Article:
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Drumloch Manor, Scottish Borders
FROM THE PRIVATE JOURNAL OF LADY CATHERINE MONTGOMERY
I have decided that today, since the weather is fine, I will write my first entry at the stone circle. I cannot explain it, but something about this place comforts me, and I am in dire need of comfort. It has been four months now since my return. Though return is not at all the proper word for my status here.
I still remember nothing of my life before, despite the doctor’s many efforts and tireless attempts to experiment with my head. He is both perplexed and shamelessly enthused, and I am beginning to think he will be disappointed if he ever cures me of my malady. He frowns at me when I say this, but I feel as if my spirit is in the wrong place—as if I have taken possession of another woman’s body and claimed all that she once had as my own. I feel like a charlatan, and sometimes I wonder if that is what I am—a wicked, scheming imposter—even though Grandmother and Cousin John assure me on a daily basis that I am she.
Lady Catherine Montgomery. Daughter of a Scottish earl. A woman who went missing five years ago.
They tell me my father was a great war hero, and that he died fighting for the Scots in the recent rebellion (on the side of the Jacobites, which I allegedly supported, and quite passionately so). I remember none of that. All I know of myself is what I have been told, and what I experienced since the spring, when I was discovered in a farmer’s stable in Italy, huddled in an empty stall, hungry and shivering.
Nuns took me in, and I was, in a way, reborn in that convent abroad, nursed back to health, questioned relentlessly, and finally identified as the long-lost Drumloch heiress.
Am I truly she? I do not know. The portraits of Catherine Montgomery all show a rather plump and innocent-looking young girl. I am neither plump, nor am I quite so young any longer. I am six weeks shy of my twenty-fifth birthday, they tell me. And no longer innocent. The doctor at the convent confirmed it.
I am not sure how to feel about that. Sometimes it disturbs me, when I imagine what I do not remember. In my mind, I am still a virgin.
I am also very slim, which is why some of the servants did not recognize me. They all agreed that I had the same hair as Catherine—which is a rather unusual shade of red—but other than that, some of them believed I looked nothing like she did. They were promptly dismissed.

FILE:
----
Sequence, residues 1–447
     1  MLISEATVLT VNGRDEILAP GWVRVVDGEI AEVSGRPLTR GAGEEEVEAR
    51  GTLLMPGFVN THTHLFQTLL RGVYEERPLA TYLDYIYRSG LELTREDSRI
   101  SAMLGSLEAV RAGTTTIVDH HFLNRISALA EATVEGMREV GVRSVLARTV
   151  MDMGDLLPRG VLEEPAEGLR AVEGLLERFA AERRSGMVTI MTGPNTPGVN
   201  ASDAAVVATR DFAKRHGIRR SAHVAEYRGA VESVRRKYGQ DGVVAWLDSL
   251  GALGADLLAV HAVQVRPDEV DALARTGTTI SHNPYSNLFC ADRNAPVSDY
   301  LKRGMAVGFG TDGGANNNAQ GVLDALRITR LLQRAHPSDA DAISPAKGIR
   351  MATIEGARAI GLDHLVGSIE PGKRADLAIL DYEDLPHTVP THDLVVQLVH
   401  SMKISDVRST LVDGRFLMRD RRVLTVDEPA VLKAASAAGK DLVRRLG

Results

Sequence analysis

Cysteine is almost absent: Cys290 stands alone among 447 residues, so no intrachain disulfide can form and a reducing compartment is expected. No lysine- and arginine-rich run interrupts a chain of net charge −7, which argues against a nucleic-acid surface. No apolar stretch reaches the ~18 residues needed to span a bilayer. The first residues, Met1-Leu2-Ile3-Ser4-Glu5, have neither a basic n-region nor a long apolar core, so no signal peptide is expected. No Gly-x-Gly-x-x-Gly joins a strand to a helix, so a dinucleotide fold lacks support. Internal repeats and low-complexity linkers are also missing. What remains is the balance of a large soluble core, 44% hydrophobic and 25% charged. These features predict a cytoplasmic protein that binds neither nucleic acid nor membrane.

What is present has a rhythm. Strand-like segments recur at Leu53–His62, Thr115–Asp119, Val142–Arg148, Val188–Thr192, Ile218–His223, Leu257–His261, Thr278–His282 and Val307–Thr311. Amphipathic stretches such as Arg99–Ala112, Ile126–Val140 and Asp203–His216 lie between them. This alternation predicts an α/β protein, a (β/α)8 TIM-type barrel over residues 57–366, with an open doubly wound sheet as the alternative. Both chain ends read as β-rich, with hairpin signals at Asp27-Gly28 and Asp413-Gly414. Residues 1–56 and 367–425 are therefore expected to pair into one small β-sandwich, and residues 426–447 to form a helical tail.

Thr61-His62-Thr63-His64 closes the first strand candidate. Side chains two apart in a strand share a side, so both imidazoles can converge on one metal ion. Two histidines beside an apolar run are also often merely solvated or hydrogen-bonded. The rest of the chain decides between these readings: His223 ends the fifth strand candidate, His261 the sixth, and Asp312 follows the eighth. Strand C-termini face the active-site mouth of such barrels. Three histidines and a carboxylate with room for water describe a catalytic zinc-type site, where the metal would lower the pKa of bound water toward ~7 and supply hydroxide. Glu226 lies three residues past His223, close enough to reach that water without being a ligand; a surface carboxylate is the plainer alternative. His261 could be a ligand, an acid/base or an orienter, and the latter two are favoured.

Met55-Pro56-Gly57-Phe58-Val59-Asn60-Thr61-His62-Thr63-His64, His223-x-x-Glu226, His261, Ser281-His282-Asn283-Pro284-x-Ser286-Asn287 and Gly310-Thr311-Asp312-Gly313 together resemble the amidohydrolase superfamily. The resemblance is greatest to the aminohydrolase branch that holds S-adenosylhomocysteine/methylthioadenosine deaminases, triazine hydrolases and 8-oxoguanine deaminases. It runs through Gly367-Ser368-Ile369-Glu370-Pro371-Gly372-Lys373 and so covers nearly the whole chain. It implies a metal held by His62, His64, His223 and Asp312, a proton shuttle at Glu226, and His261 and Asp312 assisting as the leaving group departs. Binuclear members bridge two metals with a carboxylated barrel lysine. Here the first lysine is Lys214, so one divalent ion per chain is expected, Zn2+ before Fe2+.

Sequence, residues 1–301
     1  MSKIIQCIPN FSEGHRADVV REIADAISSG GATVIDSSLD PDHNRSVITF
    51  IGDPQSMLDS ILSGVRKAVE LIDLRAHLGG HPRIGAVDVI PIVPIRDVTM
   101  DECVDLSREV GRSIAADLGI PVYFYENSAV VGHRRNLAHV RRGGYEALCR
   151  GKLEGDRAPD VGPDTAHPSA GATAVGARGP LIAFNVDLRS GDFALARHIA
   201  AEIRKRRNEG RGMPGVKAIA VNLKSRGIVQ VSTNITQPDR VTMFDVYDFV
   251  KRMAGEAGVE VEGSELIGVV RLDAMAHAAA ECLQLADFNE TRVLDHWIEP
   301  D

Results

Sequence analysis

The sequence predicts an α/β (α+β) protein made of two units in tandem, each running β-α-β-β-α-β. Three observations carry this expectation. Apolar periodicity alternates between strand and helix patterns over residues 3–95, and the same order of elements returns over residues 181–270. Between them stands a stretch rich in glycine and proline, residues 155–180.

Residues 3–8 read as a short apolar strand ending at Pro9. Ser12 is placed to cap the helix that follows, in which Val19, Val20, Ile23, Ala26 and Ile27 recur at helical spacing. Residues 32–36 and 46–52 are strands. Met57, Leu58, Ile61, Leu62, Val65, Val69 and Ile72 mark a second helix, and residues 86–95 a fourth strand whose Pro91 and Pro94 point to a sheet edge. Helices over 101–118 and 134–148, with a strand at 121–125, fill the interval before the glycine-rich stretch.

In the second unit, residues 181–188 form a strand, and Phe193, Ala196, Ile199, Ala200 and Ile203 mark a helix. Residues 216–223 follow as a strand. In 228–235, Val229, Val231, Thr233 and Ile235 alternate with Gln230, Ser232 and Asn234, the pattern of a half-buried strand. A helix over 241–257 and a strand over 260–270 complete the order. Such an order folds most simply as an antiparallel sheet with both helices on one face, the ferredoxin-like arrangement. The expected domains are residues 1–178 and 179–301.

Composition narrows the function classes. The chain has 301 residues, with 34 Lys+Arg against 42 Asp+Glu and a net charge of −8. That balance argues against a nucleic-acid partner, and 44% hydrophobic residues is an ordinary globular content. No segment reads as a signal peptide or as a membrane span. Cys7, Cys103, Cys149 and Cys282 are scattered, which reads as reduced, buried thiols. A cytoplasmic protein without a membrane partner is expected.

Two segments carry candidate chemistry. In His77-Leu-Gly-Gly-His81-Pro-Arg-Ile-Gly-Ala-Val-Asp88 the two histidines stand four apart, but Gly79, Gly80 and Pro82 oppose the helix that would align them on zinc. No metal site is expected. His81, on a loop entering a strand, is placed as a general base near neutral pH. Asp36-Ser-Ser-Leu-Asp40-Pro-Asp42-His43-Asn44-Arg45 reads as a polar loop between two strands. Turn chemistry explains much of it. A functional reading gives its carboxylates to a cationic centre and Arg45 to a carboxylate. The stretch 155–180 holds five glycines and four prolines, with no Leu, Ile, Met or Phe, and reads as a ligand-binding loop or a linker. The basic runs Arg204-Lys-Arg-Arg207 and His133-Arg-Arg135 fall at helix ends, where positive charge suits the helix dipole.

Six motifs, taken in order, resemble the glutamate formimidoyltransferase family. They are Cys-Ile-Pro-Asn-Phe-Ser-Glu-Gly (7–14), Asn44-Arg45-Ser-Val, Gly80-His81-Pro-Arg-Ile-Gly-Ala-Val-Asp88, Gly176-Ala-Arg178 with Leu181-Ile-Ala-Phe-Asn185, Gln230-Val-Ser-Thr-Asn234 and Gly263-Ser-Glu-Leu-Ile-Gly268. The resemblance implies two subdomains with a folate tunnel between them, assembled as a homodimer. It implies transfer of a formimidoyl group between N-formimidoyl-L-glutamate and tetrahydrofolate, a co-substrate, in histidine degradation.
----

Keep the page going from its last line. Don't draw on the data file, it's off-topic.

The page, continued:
But what if they were right? Sometimes I feel as if Grandmother is hiding something from me. She says that is not so, but I am suspicious. Could it be that some part of her simply needs to believe that I am her grandchild, even when she knows I am not? She has already lost her son, after all—the great war hero who was my father. I am all she has left of him.
If I am, in fact, the heiress.
Either way, heiress or not, I cannot seem to keep from watching over my shoulder. I am always expecting the real Catherine Montgomery (or her ghost) to appear at any moment and expose me as a fraud.…
Catherine closed the leather-bound journal and tipped her head back against the flat standing stone, wishing she did not have to write about all this, but Dr. Williams had encouraged her to record her thoughts and feelings, suggesting it might help unlock something in her mind.
Another experiment. Would he insist on reading it?
Flipping the book open again, she glanced over what she had written about her virginity and considered scratching out the part about his shameless enthusiasm.…
No. She would leave it. It was honest, and if the point of this exercise was to cure her strange illness and solve the mystery of her five lost years, she would need to open her mind completely and let everything spill out like a bag of pebbles onto the floor.
Feeling tired all of a sudden, she set the journal aside and stretched out on the grass in the tall, cool shade of the standing stone. For some reason she felt great comfort whenever she came here.
She crossed her legs at the ankles and folded her hands over her belly while staring up at the bright blue sky, dotted with fluffy clouds. They floated by at a leisurely pace, shifting and rolling. It helped to relax her mind. Perhaps today would be the day when the past would come out of its box.
Soon she was dreaming about autumn leaves blowing across an endless bed of lush green moss. She could hear the faint rustle of footsteps through the grass, a horse nickering on the breeze.…